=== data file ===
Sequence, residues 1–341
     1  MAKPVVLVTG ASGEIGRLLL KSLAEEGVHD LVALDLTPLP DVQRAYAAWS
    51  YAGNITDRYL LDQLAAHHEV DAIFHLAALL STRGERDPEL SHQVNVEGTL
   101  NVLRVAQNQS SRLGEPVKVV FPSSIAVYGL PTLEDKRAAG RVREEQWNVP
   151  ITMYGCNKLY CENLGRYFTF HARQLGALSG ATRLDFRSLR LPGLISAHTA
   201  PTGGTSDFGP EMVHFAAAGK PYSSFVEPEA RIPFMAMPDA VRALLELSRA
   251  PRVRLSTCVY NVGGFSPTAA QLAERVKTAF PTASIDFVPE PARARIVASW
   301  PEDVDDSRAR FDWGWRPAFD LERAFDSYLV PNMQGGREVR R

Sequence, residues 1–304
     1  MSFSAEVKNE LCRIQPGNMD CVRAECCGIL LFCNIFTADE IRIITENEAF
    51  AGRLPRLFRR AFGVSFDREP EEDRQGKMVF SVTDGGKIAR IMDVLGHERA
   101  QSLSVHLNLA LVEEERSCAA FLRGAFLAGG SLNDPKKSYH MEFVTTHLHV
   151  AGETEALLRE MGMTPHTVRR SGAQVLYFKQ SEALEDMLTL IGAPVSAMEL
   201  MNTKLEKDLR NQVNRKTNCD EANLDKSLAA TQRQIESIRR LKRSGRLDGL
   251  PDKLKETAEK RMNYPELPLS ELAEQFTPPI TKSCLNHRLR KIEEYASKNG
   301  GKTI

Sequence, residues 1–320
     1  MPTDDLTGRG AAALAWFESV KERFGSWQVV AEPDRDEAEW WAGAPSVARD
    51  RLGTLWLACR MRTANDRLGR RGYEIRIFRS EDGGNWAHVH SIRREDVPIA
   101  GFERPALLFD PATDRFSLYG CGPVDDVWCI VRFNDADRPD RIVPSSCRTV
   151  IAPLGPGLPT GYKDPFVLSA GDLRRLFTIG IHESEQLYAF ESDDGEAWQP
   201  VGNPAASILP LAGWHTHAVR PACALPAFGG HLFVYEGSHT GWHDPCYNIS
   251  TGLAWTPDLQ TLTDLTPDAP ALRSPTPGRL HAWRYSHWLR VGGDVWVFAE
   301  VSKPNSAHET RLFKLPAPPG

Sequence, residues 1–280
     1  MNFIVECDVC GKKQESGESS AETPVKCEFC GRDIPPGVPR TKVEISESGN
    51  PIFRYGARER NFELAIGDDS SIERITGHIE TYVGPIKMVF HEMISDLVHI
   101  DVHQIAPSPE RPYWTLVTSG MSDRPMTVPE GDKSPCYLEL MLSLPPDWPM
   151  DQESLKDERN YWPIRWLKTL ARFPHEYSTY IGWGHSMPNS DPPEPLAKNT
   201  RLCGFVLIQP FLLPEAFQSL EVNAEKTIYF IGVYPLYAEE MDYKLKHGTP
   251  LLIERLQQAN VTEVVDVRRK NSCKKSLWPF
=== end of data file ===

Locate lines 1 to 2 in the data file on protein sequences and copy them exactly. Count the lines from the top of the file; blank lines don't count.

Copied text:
Sequence, residues 1–341
     1  MAKPVVLVTG ASGEIGRLLL KSLAEEGVHD LVALDLTPLP DVQRAYAAWS